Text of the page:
In 1995, Dinesh D'Souza, an nri, published a controversial book, The End of Racism. This transplant from Mumbai argued that poverty among African Americans was a result not so much of racism but of their own failure. D'Souza was the first desi to make such an egregious argument in print, though many among the over one million desis in the US make similar comments in the privacy of the home. Ensconced within a conservative institution, D'Souza joined an onrush of authors who made a similar but untutored claim. Being an nri, D'Souza was able to take the argument further. "Why can't an African American," he asked, "be more like an Asian?"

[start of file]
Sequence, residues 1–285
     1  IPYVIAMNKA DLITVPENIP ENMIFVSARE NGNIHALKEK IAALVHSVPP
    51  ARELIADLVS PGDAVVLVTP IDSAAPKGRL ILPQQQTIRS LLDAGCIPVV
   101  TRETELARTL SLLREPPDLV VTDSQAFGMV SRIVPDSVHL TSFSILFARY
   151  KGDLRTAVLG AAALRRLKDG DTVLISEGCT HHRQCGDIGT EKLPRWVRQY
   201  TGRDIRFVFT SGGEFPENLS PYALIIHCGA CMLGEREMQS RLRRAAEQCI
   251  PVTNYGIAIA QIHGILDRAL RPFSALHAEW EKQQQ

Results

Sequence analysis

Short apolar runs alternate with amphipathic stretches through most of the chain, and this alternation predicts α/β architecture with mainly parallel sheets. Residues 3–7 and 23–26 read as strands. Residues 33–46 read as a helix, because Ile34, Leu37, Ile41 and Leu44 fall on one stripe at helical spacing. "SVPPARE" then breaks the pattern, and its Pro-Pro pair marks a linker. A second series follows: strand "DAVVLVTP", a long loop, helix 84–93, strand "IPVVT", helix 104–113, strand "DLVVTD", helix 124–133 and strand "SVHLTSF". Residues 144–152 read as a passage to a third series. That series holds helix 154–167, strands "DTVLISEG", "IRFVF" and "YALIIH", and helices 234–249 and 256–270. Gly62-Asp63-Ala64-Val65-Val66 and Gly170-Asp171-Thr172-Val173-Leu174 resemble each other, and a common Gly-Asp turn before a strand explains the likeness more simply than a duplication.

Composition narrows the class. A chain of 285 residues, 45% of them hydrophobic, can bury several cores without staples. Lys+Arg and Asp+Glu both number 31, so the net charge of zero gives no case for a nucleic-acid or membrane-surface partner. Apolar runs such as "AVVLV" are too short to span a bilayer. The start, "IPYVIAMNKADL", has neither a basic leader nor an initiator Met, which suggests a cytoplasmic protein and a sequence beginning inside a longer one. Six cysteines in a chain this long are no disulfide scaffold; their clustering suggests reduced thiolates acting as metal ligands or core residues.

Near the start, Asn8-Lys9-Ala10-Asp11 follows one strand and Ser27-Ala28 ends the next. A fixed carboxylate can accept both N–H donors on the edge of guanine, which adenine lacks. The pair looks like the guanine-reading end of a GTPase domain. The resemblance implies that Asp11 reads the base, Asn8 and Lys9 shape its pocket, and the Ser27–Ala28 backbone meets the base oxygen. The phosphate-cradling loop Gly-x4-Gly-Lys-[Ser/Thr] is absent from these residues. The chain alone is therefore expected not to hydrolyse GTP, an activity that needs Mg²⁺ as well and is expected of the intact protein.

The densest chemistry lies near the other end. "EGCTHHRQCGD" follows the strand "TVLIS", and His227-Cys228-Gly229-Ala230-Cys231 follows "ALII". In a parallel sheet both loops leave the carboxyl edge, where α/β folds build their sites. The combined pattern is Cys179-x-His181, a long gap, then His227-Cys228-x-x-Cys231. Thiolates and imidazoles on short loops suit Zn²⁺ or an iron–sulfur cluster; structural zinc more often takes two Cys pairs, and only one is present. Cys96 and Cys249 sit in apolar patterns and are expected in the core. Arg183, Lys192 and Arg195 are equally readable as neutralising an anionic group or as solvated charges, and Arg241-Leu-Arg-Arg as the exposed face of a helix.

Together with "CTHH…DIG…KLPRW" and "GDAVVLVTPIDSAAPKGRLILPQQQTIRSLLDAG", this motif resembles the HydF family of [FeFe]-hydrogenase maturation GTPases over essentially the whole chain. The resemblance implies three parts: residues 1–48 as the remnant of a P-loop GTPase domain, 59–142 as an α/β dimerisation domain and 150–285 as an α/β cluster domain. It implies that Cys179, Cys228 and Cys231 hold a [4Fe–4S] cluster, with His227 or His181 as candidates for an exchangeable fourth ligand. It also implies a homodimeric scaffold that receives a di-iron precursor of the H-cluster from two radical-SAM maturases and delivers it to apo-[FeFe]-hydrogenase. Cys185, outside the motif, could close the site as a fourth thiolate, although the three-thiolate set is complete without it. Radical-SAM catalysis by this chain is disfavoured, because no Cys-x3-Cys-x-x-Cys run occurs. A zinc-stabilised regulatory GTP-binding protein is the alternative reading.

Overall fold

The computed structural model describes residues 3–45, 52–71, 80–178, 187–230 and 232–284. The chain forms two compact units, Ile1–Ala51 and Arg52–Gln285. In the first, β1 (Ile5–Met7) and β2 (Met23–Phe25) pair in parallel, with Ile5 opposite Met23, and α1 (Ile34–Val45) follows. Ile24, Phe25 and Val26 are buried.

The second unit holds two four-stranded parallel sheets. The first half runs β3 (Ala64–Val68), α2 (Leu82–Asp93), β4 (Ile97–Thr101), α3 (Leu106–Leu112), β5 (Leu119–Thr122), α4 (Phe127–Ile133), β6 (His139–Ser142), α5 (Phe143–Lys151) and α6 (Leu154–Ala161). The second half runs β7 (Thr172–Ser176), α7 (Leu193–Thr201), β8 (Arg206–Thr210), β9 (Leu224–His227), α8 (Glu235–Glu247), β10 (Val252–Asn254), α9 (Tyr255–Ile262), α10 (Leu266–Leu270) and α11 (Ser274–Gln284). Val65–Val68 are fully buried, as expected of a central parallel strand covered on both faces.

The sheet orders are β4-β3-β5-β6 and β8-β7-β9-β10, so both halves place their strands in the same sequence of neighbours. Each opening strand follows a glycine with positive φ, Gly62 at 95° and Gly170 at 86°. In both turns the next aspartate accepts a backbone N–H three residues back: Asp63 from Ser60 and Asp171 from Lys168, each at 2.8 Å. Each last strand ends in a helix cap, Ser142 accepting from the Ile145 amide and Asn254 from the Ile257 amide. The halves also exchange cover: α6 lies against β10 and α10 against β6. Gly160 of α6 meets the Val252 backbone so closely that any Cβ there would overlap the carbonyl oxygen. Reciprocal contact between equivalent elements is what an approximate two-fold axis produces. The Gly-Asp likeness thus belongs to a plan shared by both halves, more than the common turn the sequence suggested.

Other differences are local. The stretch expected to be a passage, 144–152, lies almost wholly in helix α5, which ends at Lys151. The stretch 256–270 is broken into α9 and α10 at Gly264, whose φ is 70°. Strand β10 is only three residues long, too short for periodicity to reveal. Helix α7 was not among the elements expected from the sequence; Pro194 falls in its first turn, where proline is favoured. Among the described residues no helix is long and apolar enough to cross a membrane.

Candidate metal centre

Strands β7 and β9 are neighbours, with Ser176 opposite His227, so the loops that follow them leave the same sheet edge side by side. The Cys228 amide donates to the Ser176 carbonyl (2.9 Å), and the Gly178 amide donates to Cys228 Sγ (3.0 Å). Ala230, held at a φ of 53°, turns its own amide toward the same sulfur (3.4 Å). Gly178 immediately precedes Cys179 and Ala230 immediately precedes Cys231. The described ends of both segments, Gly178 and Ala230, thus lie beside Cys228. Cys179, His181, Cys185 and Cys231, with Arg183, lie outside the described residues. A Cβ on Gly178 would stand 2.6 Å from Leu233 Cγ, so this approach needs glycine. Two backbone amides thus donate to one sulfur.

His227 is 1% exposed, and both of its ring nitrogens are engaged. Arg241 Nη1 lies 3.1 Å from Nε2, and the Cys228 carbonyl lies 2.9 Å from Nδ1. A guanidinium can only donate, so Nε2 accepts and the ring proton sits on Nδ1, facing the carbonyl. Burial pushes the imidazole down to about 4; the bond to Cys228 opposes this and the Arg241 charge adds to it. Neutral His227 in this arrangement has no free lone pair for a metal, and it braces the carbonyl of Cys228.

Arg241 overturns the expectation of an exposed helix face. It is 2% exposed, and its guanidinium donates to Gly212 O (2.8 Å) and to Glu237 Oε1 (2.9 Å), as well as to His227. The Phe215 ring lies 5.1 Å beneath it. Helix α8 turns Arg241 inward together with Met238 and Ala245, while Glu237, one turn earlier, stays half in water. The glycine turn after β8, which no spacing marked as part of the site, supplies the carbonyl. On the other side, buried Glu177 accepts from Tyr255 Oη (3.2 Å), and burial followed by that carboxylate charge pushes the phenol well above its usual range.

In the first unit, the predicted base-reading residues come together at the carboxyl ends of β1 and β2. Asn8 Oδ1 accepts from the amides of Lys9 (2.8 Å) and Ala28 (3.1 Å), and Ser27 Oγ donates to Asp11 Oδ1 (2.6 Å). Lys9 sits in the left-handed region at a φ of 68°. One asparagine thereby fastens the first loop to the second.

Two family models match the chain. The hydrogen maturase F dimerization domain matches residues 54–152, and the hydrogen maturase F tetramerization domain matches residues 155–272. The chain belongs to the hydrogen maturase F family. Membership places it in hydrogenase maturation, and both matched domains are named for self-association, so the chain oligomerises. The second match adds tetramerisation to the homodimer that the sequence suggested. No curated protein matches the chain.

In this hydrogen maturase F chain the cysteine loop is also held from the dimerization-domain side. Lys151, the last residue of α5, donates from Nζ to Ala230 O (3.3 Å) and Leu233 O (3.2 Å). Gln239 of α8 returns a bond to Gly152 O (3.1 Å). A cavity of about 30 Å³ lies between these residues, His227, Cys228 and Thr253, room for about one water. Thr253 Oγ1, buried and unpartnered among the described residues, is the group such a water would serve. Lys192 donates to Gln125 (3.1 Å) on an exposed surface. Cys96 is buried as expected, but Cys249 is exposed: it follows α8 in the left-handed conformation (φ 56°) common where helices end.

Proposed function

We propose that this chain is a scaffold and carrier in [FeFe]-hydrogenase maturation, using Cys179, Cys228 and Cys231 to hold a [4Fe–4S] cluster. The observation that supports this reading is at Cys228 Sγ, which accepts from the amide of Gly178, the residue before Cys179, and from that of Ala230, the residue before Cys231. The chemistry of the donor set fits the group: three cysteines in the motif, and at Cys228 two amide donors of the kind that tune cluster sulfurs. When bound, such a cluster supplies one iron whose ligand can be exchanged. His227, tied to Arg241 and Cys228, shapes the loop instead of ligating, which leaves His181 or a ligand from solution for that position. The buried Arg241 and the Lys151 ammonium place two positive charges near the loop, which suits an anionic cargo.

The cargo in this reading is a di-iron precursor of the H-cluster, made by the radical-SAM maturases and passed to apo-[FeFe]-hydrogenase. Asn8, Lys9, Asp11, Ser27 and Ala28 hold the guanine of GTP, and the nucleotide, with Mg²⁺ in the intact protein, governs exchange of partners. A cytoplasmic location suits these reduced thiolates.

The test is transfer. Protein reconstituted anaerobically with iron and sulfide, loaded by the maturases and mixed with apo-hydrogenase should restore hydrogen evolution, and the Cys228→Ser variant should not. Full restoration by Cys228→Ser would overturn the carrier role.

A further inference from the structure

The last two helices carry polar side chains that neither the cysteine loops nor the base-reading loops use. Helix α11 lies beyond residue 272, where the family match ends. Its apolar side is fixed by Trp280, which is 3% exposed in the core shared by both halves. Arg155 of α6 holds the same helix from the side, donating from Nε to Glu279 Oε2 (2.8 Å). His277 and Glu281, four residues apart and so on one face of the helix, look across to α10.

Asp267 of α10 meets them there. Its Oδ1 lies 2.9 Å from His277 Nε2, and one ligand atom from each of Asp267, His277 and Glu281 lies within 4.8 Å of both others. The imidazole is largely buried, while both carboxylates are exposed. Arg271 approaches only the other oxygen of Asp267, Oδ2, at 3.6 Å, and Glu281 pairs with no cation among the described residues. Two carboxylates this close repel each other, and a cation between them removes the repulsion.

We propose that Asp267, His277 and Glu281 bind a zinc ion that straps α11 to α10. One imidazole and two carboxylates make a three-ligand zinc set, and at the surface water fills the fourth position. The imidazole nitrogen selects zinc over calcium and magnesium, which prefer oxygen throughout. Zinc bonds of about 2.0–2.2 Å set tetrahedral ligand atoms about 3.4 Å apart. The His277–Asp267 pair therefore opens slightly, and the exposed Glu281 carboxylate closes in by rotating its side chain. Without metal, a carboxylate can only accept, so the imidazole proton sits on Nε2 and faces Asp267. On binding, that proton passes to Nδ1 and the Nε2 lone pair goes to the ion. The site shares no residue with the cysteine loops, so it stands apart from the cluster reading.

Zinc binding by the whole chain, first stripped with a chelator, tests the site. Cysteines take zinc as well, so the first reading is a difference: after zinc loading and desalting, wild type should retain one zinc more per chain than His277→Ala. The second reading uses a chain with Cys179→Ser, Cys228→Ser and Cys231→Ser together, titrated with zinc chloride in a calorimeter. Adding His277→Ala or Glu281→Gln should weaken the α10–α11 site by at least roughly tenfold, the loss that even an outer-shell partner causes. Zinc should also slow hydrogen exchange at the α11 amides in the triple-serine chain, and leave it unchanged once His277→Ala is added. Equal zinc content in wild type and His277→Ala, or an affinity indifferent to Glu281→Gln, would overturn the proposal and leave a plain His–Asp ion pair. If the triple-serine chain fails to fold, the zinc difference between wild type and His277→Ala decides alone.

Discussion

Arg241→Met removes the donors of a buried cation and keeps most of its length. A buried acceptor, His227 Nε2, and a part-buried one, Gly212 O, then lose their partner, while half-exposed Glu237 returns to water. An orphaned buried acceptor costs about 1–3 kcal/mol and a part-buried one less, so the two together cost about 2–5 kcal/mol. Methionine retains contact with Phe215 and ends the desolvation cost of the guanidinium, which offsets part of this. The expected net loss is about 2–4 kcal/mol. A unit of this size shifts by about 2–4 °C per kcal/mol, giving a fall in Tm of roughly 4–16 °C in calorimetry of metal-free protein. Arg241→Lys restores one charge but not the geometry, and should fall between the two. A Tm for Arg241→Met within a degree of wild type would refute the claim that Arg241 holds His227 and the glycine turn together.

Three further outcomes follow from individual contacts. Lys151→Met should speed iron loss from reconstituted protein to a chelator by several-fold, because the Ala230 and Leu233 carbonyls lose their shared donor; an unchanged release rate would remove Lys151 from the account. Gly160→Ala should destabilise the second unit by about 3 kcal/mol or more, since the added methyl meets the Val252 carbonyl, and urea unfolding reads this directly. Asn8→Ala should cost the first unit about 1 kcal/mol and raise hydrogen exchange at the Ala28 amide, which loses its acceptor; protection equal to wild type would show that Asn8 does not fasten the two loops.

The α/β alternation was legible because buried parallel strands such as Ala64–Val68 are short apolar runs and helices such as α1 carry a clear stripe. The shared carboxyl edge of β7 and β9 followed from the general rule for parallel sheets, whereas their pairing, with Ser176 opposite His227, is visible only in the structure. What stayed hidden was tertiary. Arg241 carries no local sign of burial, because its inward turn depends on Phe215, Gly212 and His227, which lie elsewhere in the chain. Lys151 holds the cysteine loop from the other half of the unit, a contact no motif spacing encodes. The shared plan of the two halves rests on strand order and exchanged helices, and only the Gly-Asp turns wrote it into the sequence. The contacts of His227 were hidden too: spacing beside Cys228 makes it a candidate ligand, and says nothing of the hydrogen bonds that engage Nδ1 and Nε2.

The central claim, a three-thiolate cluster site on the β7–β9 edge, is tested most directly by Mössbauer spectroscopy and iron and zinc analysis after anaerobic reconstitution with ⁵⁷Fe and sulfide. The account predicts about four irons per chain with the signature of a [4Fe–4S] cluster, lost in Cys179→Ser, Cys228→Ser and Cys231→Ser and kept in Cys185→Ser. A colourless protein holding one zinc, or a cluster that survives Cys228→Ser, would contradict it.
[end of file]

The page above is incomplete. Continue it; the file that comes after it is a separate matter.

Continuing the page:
Asians, we're told, succeed in the US by their own initiative, bolstered by family values and an urgency to learn new technologies. The exemplary nris seem almost always to be dotcom millionaires or technical functionaries at big firms. Bill Gates, Bill Clinton and, lest one forget, the Dollar Bill acclaim the brilliance of the nri. And we nris, keen to find a way to accommodate ourselves to the disdain we sometimes feel as immigrants, seize onto this and, in parody, applaud ourselves. We're the good immigrants, who work hard, are obedient and don't complain about racism. We're the model minority.